Refinishing

The most difficult part of refinishing a piece of furniture is getting started. Begin by making a list of the materials you need, so that once you do get started, you won't have to stop to get more supplies. First of all you will need plenty of paint remover. There are two kinds, paste and liquid. Paste is less likely to drip or spill, but liquid is easier to spread. You will also need paint brushes, sandpaper, a scraper, lacquer thinner, wood filler, stain or paint, and lacquer, varnish or wax finish. Always work in a well-ventilated area since fumes can be dangerous. Remove hardware, doors and drawers. Work on small sections at a time, beginning with doors and drawers, then move on to the larger piece itself.

Begin by stripping off the old finish. To do this, pour the paint remover in a bucket, a little at a time, so that it remains at full strength. Brush on liberally with a paintbrush. When the paint remover stops reacting with the paint or stain, brush on more. As the old finish dissolves, scrape it off. To dissolve old finish from carved areas and hard to reach corners and crevices use a small brush, one inch or smaller. Continue to apply more paint remover until all of the old stain or paint is removed. Finally, either wipe the piece down with clean paint remover and a clean cloth to remove any finish that may be left, or sand lightly with extra fine sandpaper. If there are any scratches or dents fill with wood filler and sand smooth, being careful to sand with the grain.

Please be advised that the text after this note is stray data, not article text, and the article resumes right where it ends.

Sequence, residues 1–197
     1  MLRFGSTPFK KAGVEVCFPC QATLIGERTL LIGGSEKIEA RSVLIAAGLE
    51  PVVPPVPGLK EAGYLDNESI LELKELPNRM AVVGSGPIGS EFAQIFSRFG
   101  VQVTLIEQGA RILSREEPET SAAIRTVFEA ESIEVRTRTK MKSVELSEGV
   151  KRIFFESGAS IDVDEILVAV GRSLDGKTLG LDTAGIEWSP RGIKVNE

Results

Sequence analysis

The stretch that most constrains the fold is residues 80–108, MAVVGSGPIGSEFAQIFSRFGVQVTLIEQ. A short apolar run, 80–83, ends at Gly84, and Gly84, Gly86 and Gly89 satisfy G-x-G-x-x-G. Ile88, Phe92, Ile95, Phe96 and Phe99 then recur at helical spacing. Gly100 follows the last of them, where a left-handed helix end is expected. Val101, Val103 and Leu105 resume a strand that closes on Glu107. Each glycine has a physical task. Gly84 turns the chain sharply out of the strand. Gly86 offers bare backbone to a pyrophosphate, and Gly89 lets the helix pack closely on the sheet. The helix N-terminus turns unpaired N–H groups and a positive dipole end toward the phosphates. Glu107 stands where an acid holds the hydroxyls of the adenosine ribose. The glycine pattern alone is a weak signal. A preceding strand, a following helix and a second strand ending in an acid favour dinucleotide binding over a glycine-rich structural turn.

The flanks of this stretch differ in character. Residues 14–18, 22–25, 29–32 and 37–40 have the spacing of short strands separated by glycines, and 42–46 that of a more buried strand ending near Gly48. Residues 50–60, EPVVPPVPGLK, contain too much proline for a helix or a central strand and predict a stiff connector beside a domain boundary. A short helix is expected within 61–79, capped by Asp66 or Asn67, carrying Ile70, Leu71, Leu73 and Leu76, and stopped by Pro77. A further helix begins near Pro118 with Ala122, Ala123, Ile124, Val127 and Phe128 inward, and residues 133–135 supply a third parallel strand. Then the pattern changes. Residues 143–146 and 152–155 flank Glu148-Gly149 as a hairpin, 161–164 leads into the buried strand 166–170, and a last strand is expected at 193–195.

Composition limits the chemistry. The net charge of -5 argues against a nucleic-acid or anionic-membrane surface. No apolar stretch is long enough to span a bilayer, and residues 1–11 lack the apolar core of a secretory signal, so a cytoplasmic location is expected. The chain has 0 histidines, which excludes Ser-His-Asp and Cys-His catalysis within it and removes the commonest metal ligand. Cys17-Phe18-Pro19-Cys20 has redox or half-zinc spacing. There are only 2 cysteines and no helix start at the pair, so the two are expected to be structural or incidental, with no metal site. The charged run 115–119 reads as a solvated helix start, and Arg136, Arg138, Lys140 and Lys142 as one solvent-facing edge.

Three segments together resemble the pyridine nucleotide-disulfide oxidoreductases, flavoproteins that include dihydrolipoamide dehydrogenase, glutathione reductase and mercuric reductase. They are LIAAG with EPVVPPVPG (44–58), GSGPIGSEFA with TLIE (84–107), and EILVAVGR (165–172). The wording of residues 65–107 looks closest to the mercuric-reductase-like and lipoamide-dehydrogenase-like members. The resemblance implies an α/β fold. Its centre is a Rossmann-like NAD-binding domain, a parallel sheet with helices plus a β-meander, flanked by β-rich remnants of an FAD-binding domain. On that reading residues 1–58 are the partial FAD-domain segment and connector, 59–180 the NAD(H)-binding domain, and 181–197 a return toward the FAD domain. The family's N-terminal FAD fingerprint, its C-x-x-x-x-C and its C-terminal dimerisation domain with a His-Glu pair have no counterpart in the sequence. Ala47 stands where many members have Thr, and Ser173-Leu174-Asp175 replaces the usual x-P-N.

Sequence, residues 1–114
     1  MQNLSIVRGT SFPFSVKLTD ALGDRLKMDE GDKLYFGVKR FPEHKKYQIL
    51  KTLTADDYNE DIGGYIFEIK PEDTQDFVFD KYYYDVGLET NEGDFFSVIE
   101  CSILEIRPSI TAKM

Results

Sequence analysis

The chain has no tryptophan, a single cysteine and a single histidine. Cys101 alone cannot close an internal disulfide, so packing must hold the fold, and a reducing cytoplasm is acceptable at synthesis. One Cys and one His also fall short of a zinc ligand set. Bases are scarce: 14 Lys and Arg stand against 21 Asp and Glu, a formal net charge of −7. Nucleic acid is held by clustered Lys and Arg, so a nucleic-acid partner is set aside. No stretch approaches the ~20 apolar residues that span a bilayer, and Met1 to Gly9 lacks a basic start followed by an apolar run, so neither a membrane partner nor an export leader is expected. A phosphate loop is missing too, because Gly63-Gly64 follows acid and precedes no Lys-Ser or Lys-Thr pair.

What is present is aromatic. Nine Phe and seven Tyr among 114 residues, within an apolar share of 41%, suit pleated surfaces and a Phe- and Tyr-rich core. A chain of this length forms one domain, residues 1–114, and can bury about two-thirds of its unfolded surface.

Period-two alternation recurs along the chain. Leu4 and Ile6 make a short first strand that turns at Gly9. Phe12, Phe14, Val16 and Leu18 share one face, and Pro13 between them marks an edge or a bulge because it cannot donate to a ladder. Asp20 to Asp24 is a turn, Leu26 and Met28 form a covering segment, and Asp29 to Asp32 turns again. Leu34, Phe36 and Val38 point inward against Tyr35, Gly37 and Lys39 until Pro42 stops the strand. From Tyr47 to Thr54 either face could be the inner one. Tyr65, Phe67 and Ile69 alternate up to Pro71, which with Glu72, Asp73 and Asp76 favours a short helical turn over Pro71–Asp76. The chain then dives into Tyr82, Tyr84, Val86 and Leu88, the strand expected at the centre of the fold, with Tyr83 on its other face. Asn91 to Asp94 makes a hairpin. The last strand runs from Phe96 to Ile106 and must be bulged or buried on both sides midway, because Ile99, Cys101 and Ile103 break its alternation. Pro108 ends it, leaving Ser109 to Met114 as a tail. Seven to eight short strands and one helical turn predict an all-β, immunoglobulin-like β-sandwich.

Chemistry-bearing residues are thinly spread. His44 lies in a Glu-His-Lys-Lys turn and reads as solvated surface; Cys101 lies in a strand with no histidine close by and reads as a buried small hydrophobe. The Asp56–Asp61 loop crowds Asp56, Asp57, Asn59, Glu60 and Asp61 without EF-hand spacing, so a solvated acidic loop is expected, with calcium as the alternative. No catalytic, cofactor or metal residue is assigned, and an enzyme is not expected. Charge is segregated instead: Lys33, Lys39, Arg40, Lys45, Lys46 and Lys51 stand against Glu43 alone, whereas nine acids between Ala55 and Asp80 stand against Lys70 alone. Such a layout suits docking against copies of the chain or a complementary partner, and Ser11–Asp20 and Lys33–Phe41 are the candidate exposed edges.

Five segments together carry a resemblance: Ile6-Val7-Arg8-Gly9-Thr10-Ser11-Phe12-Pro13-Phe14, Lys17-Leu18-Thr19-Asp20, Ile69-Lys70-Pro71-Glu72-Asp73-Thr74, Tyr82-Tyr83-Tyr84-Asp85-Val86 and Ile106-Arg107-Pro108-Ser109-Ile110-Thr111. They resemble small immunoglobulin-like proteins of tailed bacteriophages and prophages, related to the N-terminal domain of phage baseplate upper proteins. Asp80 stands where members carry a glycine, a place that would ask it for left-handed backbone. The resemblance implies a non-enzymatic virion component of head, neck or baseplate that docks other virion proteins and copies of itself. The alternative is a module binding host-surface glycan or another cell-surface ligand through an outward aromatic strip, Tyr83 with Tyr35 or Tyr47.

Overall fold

Next apply the stain. If you use a water-based stain, you will need to wet the surface first with a damp cloth or paper towel to raise the grain. Sand lightly with extra fine grade sandpaper. If you don't do this with a water based stain it will raise the grain and leave a rough surface after it dries. Apply the stain with a brush or cloth ball. If you use a ball of cloth squeeze out excess stain to prevent drips on the wood. Spread the stain liberally and evenly working with the grain. Then wipe the surface with a clean, dry cloth to distribute the color evenly and to remove excess stain. Allow to dry thoroughly.

Finally, apply the finish to protect the wood. The finish can be lacquer, varnish, polyurethane, oil or wax. Brush on lacquer, varnish or oil with a brush and spread evenly. Use light strokes and brush in the direction of the grain. Be careful not to brush back over a coat of varnish or lacquer once it has begun to set, or you may leave permanent brush marks. The final step is very important. Sit back and admire your masterpiece!

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